Sweep in Peace is the second book in the Innkeeper Chronicles by Ilona Andrews. Like the first book (Clean Sweep), Sweep In Peace was first released chapter by chapter on the author’s webpage for free, and later released as a paperback. It’s mostly an Urban Fantasy book with a touch of science fiction.
Dina Demille runs a magical inn that hosts guests from around the galaxy, while trying to keep her crazy world a secret from humanity. It’s a fun concept of a book with a fair amount of humour, some great fantastical politics and a number of interesting characters. Her inn has a life and personality of its own, and will grow stronger with more guests. Too bad it’s struggling for the most part, having been recovering since it was abandoned years ago by its previous innkeeper.
When the opportunity arises to host a peace conference between three warring factions, Dina almost has no choice but to accept. The story leads to some deep yet interesting intergalactic politics between a race of vampires, a clan-based warrior culture and the sneaky and often greedy merchants. There are a couple times where someone like me who is terrible with names may find it difficult to keep track of who is who, but at least the names within each faction sound similar enough to keep track of who is on whose side. In the end, every named character contributes something to the plot. There is one line that I found a bit odd though.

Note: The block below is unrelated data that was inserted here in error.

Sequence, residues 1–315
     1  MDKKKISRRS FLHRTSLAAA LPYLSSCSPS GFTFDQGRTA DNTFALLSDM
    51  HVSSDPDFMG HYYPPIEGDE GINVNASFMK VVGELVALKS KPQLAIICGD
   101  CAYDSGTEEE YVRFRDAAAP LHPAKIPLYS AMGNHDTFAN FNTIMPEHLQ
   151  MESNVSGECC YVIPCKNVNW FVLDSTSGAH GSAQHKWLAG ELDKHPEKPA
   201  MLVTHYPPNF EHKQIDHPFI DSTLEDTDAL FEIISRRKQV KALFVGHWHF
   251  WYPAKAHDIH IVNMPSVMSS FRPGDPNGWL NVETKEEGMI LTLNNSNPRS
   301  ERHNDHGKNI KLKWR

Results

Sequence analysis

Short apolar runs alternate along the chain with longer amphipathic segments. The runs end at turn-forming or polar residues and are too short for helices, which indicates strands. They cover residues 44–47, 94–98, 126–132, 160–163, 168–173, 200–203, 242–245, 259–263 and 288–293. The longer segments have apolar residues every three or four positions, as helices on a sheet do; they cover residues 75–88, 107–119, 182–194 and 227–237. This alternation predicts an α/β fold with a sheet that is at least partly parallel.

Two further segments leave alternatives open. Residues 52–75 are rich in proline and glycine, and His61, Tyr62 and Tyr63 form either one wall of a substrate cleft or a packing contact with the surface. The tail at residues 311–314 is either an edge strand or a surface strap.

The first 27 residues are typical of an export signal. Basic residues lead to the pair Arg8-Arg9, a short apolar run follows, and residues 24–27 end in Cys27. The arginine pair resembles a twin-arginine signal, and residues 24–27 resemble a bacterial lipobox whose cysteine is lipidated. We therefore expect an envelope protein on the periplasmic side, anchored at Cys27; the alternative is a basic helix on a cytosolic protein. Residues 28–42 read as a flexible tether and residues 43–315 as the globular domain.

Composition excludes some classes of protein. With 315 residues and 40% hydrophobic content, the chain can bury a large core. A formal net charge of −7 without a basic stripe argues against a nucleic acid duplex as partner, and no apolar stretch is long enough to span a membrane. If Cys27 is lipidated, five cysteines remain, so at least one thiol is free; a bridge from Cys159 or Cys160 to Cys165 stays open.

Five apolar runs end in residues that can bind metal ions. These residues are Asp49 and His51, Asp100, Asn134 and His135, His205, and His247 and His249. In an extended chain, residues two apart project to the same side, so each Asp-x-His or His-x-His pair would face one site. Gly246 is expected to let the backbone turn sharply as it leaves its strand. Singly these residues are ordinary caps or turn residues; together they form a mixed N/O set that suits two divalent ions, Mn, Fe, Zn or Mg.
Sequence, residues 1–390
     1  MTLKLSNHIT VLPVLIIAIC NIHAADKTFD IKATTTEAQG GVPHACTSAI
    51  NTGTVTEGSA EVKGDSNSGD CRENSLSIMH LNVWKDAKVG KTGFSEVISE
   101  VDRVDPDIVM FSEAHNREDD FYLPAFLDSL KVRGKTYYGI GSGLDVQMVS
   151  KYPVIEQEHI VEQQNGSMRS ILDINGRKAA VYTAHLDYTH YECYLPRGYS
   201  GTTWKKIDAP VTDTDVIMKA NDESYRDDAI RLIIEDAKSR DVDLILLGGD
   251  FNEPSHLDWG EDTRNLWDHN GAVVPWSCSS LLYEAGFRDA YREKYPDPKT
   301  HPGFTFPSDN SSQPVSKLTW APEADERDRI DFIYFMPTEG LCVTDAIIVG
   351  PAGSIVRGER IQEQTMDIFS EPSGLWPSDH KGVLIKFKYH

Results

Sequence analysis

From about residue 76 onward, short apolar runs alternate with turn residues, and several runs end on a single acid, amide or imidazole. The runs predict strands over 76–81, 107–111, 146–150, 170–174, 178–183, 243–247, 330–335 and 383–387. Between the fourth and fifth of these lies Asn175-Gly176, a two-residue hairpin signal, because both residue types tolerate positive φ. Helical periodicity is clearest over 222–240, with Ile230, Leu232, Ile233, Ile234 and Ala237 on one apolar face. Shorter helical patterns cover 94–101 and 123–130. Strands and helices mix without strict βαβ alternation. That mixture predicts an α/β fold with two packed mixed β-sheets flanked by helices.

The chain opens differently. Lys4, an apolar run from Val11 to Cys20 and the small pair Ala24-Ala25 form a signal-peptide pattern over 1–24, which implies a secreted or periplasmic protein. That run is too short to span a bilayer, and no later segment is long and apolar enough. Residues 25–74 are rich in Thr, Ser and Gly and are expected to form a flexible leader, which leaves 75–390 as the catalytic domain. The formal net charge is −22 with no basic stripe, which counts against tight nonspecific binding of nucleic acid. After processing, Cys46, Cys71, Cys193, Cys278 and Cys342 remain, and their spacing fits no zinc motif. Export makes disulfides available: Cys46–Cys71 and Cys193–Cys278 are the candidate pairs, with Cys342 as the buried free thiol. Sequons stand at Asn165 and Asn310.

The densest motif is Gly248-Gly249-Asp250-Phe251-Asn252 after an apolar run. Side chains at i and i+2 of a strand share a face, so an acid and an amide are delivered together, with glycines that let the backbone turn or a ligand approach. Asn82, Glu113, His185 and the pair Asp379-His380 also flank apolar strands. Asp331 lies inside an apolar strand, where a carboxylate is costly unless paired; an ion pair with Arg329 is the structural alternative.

“I feel the way business travelers from Canada might feel about an overnight trip to Miami in the middle of February. They would ride in a taxi, see the beach outside their window, knowing they wouldn’t get the chance to visit it, and wonder what it would be like to walk on the sand and feel the waves on their feet.”
I could see this being an effective line to someone that doesn’t know anything about Canada. I’m not sure if this is supposed to be the character’s own ignorance or an unintentional oversight by Andrews’ part, but Canada has plenty of beaches. From where I live in the middle of South Western Ontario, I could reach at least 7 different public beaches within 2 hours, including Sable Beach, Lake Ontario in Toronto, Grand Bend (pretty much a beach town) and a couple artificial beaches. There’s even a neighborhood in Toronto called the Beaches area. That’s not to mention that Canada has the largest unbroken coastline in the entire world (even if most of it’s in the arctic), we have more freshwater than any other country in the world (even if a lot of it is inland glaciers and arctic snow), and some of our beaches are south of Detroit. And then there’s Kelowna BC, a medium-sized town with a huge lake right in the middle of it. Canada numerically has more than 50 percent of the world’s lakes (our country only counts lakes with a surface area of at least 3km, vs. Finland’s much looser definition); some are even yet to be explored.
Maybe I went on a bit too long on this point, but it’s hard to talk too much about this book without spoiling something so I felt like going on a tangent about Canada’s water. The line didn’t really bother me – it just made me laugh.
Sweep In Peace is a fairly quick read at just over 300 pages long. It’s not what I would call a great book, and I would sooner recommend the Kate Daniels series if you want an introduction to Andrews’ work, but fans of Kate Daniels will probably enjoy this. I can’t comment on her other works since I haven’t read them (yet). To anyone else, if the concept of this book sounds like fun, check it out. Also, the third book in the Innkeeper Chronicles series is up to chapter 10 on this website.